That was my advice to leaders faced with having to change their perspective to become flexible, useful and stay competitive in the new way of the work-world on this “How to stay flexible and be agile” Cloudbusting podcast
I’ve been waiting for it to come out to “talk” to you guys about a couple of things that stuck with me from the interaction and some -potentially terrifying!- thinking I’ve done as a result.
It was one of those serendipitous moments where it’s part swearing, part laughter, part loud meeting of the minds (and the latter doesn’t always imply agreeing but often satisfying disagreement that causes re-examinations) and it cycled through a myriad big themes from wither #Agile needs constant flexibility and resilience -top tip: hells to the yes!- to whether that is comfortable -spoiler alert: hells to the no!- and who should worry about it - cliff notes: everyone who intends to stay employed going forward!-.
We talked about success strategies which in short boil down to "#Agile for the business, betterment for the self" - what “practice” means and how withstanding discomfort is necessary but won’t kill anyone. The work, the strength, the reasons. All that good stuff.
As I listen it to it myself yesterday (once I got over the loathe of hearing my own voice as you do) it made me wonder about a major theme: my own rosy-colored bias that expects some facts about business and life to be supremely clear to all.
We work with change-makers every day so we don’t presume they are a special breed or have a particular job title and are assigned by the business to be the token transformation guys, but instead a type of individual in a run-of-the-mill evolutionary state. We speak to tens of professionals a week who fervently nod about the speed of transformation that’s needed to match the pace of tech, and so we come to think of it as common knowledge. Are these self-evident truths nowadays or are we generalizing and idealizing?
In the podcast, Dave Chapman
asks for my advice for change leaders and I quip that’s anyone with a serious mandate but any CxO and for sure a CEO. He says that’s not evident to everyone.
Isn’t it? What if he’s right?
Here’s the crux of the issue: Isn’t everyone a change-maker? More importantly, irrespective of job title, doesn’t everyone perceive themselves as one?
And once you think of that, new and unsettling questions come to mind. What if it’s not clear to everyone that business is nothing like it was a mere 20-30 years ago? What if people think they have been brought in with a mandate to preserve the status quo and only ever so slightly and incrementally move the needle? What if the reason some people think this way, is out of protectionism and because they don’t feel they are worth their own investment in courage and action? What if there’s more destructive impression management at not only the individual level but the group level, where we are too far down the storyline to take honest stock and reprogram the way we think? What if being weak is excused with a narrative that normalizes a lack of effort and passion?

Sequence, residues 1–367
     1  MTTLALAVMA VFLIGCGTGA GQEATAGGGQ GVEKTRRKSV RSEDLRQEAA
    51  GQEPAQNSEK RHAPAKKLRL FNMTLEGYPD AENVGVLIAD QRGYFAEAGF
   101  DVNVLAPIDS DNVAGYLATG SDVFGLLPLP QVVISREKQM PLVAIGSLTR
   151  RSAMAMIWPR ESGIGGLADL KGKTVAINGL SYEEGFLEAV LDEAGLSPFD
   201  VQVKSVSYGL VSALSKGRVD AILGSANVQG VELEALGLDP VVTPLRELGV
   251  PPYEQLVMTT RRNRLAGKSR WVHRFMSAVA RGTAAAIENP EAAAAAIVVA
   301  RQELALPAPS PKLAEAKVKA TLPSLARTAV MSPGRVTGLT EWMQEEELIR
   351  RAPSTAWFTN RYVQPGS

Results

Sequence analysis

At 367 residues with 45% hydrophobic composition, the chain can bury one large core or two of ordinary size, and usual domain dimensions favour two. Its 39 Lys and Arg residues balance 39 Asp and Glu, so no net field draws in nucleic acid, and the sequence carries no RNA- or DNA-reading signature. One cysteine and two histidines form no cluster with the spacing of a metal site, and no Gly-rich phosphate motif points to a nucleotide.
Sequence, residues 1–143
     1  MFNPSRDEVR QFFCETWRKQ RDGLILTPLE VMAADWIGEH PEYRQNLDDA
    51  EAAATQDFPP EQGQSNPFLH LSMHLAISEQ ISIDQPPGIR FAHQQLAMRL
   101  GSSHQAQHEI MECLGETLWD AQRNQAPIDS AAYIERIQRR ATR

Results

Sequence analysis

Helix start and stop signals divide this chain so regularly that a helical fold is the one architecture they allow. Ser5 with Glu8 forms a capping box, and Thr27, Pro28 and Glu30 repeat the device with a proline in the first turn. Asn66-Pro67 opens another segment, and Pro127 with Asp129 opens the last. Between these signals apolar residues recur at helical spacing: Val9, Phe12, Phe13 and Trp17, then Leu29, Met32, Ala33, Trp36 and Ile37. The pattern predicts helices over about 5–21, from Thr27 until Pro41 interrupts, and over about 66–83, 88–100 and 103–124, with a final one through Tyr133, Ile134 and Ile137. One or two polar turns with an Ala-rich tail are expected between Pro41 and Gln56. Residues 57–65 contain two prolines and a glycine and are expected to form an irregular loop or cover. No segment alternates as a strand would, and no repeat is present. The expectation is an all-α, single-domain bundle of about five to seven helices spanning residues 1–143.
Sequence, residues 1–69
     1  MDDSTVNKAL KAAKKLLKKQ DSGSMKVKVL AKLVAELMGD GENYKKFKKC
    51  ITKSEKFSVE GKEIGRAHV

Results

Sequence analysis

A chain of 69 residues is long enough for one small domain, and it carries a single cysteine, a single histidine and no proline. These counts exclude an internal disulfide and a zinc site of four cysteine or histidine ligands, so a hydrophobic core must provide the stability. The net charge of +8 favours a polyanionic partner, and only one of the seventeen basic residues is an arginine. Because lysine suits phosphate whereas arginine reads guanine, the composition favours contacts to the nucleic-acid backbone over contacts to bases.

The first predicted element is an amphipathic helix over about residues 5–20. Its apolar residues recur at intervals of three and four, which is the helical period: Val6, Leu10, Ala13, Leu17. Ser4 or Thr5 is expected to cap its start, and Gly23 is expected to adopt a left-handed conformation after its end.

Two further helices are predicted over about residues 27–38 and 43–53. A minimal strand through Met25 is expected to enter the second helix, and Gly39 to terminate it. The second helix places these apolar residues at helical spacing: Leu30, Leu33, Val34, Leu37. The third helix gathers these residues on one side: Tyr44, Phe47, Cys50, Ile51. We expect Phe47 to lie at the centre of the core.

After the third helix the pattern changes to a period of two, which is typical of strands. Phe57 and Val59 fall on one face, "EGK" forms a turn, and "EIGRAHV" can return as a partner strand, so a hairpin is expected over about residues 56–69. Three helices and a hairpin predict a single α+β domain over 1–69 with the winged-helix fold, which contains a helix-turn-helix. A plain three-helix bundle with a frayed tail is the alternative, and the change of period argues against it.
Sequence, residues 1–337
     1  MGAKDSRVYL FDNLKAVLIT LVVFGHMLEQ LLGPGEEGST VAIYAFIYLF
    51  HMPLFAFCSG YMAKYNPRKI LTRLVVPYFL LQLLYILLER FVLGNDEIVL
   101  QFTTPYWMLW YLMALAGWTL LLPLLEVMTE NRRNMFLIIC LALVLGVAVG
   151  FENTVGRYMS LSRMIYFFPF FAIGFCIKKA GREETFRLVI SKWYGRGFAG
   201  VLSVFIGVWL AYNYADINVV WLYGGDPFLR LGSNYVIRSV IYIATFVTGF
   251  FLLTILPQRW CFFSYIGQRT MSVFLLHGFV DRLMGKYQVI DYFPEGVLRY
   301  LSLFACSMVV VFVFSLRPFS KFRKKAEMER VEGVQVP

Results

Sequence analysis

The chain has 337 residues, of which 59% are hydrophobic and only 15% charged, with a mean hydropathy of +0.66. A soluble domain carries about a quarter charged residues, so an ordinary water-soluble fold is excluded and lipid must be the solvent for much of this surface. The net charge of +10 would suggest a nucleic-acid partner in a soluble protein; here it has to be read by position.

What if, most unsettling of all, this is all wrong and those of us swimming against the current to reach a paradise island that everyone else seems to fail to spot are seeing it wrong and the masses being lulled by the waves in the general direction of the shore have it right and that’s the only land to be had? The sequential, Prince-led land of disinterest and non-involvement where the deader the soul and the lower the ambition the longer the tenure.
Nope. I can’t honestly believe anyone truly buys that knock-off-Russian-novel-tragedy level of dreary perspective. I choose to think that in their heart of hearts, every grown-up professional knows these things to be true:
- Everything in business has changed and is in flux
- Technology has transformed everything and consumers’ expectations will never slow down
- #Agile is sine qua non, sequential thinking and old mindsets can not compete
- Adapting is not optional. Flexibility and resilience are musts
- Doing work on our own “practice” and growing b…bravery is mandatory
If they protest, if they ignore them, if they disagree - it’s disingenuous, lazy and because they are still hoping the gentle wave will deliver them before they need to start swimming but don’t let them drag you down and make your own journey to the island any longer or harder than it needs to be.
Related: Leadership Teams Aren’t Psychologically Safe Because They Don’t Exist